Quarantine Oxtail Pho From the Chef Who Redefined Vancouver Thai Cuisine

Angus An, the chef and owner of Maenam, Fat Mao Noodles, and Freebird Chicken Shack, shares his recipe for his favourite bowl of comforting quarantine noodles:

We often go out for pho as a family on Sunday mornings at Linh Café. It’s become an unofficial tradition. Since the COVID crisis started, I have been cooking every day at home and enjoying every minute of it. I love preparing long braises and soups.

This was one of the first dishes I made during the first week of COVID closures. I think with the uncertainties that surround our society, I naturally gravitated towards a comforting dish. We had it for brunch that first weekend, and I have made it several times since.


A good pho broth should be rich in flavour but light in body.

Quarantine Oxtail Pho

Serves 6


4 lb oxtail

1 whole onion

6 star anise

1 cassia bark

1 tbsp whole coriander seeds

1 tsp whole clove

8 whole white cardamom pods

1 tsp whole black peppercorns

2 bay leaves

1 tea bag

1 whole carrot

3 whole spring onions

1 hand of ginger (roughly sliced)

150-200 ml fish sauce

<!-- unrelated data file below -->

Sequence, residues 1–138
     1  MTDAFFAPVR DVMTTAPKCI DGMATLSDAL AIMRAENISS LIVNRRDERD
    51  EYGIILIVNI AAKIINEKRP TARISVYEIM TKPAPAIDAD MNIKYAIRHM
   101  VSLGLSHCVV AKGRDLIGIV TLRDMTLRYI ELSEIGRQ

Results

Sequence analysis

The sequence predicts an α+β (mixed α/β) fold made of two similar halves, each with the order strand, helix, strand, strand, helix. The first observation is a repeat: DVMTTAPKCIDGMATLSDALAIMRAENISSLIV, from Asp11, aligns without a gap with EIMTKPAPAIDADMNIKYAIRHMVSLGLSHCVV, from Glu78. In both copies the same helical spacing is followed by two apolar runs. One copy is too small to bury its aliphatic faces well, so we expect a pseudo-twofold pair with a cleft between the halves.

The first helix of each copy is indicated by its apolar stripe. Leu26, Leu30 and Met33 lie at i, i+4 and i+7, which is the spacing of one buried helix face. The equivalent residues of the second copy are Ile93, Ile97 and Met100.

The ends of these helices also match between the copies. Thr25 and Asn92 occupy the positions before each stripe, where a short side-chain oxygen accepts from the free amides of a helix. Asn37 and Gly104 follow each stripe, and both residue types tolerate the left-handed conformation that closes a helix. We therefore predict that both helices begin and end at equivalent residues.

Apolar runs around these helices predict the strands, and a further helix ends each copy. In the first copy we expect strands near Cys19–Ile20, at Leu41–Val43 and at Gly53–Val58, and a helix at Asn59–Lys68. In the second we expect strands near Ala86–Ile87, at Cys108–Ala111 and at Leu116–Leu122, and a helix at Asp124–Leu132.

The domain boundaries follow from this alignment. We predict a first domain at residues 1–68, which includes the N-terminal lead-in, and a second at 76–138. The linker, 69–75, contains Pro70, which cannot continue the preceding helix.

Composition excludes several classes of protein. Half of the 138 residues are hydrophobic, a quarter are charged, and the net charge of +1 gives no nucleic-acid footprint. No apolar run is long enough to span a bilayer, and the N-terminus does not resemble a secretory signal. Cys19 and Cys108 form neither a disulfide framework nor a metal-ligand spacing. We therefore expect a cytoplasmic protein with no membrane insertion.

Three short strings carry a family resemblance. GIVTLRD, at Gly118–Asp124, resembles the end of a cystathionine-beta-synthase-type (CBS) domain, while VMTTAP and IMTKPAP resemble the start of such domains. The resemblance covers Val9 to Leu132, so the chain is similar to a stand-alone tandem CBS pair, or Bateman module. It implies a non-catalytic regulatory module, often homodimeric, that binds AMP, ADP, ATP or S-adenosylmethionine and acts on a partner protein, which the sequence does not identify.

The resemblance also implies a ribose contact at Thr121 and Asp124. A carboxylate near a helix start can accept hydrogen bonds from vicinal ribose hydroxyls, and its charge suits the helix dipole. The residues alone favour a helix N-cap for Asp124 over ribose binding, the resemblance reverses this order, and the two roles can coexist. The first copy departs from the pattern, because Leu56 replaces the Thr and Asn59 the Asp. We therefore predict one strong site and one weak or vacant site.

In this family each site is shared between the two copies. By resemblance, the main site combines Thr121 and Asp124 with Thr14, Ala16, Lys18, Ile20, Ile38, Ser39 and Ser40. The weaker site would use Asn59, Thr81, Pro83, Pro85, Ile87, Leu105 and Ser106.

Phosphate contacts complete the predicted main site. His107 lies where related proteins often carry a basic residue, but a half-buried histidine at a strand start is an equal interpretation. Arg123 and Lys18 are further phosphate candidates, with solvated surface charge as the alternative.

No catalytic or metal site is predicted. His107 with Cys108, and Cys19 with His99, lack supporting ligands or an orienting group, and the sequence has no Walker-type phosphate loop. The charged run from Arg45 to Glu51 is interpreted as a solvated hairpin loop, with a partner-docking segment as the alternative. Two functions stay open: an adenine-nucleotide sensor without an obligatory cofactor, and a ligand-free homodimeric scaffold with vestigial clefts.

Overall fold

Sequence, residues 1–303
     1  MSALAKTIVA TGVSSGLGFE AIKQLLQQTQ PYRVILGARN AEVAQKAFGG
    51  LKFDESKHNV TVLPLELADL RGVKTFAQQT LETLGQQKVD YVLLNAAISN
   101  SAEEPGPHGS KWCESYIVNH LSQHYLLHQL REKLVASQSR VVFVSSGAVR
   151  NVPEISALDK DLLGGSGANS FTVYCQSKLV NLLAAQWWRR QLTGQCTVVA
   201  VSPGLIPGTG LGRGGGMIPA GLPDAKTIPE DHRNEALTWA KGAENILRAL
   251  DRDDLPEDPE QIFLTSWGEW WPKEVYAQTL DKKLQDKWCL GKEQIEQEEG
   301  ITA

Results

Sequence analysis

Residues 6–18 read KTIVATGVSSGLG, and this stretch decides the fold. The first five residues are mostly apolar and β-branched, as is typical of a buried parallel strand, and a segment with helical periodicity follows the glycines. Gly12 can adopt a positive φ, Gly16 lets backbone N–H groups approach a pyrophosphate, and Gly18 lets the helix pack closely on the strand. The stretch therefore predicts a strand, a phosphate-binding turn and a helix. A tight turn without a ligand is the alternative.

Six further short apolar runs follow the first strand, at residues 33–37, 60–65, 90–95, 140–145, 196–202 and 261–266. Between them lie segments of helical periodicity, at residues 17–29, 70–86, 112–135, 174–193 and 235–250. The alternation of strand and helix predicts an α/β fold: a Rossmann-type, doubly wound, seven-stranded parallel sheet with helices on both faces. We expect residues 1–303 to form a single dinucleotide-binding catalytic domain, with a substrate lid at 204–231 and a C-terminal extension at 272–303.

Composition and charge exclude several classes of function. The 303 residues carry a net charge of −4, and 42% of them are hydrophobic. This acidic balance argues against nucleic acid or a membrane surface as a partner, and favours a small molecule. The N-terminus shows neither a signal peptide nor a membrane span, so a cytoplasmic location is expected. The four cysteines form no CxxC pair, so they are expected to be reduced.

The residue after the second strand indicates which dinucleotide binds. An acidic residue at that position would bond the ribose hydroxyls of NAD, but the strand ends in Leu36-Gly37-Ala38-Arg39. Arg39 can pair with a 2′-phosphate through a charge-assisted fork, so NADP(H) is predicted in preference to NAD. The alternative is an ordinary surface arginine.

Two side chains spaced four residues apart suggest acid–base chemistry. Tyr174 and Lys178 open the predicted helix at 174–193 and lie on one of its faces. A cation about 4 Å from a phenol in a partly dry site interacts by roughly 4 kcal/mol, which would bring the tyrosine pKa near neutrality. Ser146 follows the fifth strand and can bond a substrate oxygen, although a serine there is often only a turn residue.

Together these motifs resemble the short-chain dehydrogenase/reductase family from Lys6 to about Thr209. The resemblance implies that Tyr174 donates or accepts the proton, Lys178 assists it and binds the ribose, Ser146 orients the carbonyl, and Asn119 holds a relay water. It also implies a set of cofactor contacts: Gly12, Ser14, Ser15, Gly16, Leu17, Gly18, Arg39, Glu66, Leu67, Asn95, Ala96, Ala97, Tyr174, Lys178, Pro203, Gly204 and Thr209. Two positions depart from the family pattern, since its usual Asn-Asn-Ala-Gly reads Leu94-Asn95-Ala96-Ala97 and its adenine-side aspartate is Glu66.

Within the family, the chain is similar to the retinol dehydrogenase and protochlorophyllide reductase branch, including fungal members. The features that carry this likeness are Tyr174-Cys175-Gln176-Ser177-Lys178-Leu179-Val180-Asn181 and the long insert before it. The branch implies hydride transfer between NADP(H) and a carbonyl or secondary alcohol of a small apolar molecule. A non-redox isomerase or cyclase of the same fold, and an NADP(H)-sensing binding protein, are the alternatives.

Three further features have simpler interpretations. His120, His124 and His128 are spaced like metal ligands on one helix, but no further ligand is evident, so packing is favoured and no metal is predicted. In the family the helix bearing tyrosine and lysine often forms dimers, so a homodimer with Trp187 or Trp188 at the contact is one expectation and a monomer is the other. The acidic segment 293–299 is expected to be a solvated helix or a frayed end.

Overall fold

8 litres water

Blanch the oxtail by covering with cold water and bringing it to a boil, discard the water, and rinse the oxtail. This frees the oxtail and the broth of impurities and blood coagulates. Cut the onion in half; burn the onion directly over open flame on a gas stove—the onion gives the broth body and colour. If electric stove or induction stove is used, burn the onion in a pan.

Combine all the spices into the tea bag; this ensures the spices stay together and can be fished out easily. Put it and all other ingredients in a heavy 10-litre pot; top with cold water. Bring the pot to a light boil and turn it down to a low simmer (no movements but small bubbles). Cover and simmer for 6-8 hours until oxtail meat is tender; I prefer almost falling off the bone.

Taste the broth and adjust seasoning if needed. If broth evaporates too much and becomes too rich, add a cup or two of water and simmer for 5 more minutes. A pho broth should be rich in flavour but light in body.


Burned onions give colour and flavour to the broth.

To serve

Lao Gan Ma

Chili oil with solids, like this, is available in most Asian markets.

8-12 Vietnamese beef balls (optional)

1 lb pho noodles, frozen (I prefer this over the dried stuff)

1-2 lbs bean sprouts (depending on preference)

4 stalks green onion

Chili oil with paste

Handful of picked cilantro leaves

2 bunches Thai basil

Lemon or lime wedges on the side

Quarter the balls and simmer them with the broth. Thaw the noodles and separate into individual portions. In a pot of boiling water, simmer each portion of noodles with some bean sprouts in a noodle basket. Cut green onion into sections and lightly simmer them in the broth.

Ladle oxtail into a bowl with noodles and bean sprouts, and finish with broth. Garnish the broth with 1 tbsp of the chili paste with oil, cilantro, Thai basil, and serve.


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Post Date:

April 29, 2020